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Reference Point Effect of Self Experience and Vicarious Experience during Outcome Evaluation: An ERPs Study Using Gambling Game
Author(s): 
Pages: 1147-1154
Year: Issue:  5
Journal: Psychological Science

Keyword:  outcome evaluationfeedback-related negativity(FRN)reference point effectvicarious experiencesself experiences;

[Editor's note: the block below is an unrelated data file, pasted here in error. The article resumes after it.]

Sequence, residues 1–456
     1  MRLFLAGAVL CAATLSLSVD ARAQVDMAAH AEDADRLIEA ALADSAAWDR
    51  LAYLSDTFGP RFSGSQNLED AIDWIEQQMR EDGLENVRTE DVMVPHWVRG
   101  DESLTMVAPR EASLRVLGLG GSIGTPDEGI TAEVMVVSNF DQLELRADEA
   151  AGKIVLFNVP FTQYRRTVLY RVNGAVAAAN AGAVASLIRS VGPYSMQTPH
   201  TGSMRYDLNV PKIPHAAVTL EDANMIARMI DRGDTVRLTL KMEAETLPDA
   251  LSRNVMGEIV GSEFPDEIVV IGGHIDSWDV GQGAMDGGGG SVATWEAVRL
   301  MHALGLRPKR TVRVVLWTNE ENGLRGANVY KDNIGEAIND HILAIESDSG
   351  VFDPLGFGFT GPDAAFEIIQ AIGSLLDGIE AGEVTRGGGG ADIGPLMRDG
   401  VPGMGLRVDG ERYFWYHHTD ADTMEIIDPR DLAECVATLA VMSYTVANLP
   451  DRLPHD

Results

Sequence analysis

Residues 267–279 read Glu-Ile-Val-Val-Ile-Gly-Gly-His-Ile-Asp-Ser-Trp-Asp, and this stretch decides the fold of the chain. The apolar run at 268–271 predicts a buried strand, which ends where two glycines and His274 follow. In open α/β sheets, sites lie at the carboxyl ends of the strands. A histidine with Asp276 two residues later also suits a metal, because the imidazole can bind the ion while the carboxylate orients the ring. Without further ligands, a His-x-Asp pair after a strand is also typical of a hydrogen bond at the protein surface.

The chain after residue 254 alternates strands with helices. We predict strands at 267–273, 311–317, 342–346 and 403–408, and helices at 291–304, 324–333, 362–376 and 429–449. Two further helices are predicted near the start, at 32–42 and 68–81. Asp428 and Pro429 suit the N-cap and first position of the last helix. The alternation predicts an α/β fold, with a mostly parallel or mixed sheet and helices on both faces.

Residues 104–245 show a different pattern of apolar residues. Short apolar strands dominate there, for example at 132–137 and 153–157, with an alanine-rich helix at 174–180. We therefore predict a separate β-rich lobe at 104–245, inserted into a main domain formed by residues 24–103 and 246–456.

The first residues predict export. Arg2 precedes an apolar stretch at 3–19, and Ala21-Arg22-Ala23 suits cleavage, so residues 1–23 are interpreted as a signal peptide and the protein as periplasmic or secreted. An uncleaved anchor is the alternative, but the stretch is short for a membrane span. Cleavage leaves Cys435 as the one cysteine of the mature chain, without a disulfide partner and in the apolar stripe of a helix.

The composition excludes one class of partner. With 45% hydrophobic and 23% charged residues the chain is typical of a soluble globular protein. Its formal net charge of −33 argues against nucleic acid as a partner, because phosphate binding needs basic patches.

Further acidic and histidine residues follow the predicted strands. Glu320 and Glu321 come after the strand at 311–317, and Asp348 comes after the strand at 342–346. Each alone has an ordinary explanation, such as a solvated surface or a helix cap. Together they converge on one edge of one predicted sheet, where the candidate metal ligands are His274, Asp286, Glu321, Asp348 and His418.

Abstract: Risky decisions are common. In a wide range of decisions, people are often faced with risky contexts. In decisions that include both loss and benefit, an individual must have a quick appraisal on the post-decision feedback so as to adjust and improve subsequent decision-making processes. Such feedback is not only from one’s own experience, but also from vicarious experience by observing others’ outcomes. With the development of event-related potentials(ERPs), researchers are devoted to discovering and interpreting how appraisal of decision outcomes affects decision-making processes using ERPs, which helps to reduce the occurrence of irrational decisions.Recently, feedback-related negativity(FRN) has been found to be one of the components that is closely related to the appraisal of outcomes. The existing studies concerning the representation of FRN on the reference point effect are primarily based on the decision made by participants themselves. However, in daily life we may make decisions for ourselves and for others; decisions can be made not only by ourselves, but it can also be made by others. Recently, it is found that when participants are observing others to get negative feedback, the neural activity is similar to that of when participants get negative feedback from themselves. Such mirror processes indicate that FRN may be the same neural processes shared by selfreference and others-reference processes. Although few studies reported that FRN could be still evoked even when participants did not respond or observed others responding, little is known about whether the reference point effect of FRN still appears when the decider changes. This topic warrants further investigation. Through two experiments, the current research investigated the influence of betting(i.e., reference point) on brain activity in the processes of appraising one’s own decision(Experiment 1) and observing others’ decisions(Experiment 2). The "Bet-feedback" virtual gamble paradigm was used. Two bet conditions(0 Yuan vs. 50 Yuan) and four feedback conditions(+110 Yuan, +60 Yuan,-10 Yuan, and-60 Yuan) were set to formulate an absolute outcome(based on absolute zero point) and a relative outcome(based on the amount of the bet). In Study 1, participants were required to participate in the gambling task with EEG recorded, whereas in Study 2 participants were asked to observe others to gamble with EEG recorded. Results indicated that when subjects participated in the gambling task in person, the feedback of losing money evoked more negative FRN than winning money, and just one feedback(-10 Yuan) with bet evoked more negative FRN than without a bet. However, when observing others to gamble, either losing or wining money with a bet evoked more negative FRN than without a bet. In conclusion, when behavior is self-relevant, people are more sensitive to loss regardless of losing money with or without bet. However, when behavior is others-relevant, negative appraisal as a result from losing money is affected with or without bet; and at this moment monitoring does not reflect the feedback per se, but one’s own positive or negative emotion based on the outcome.
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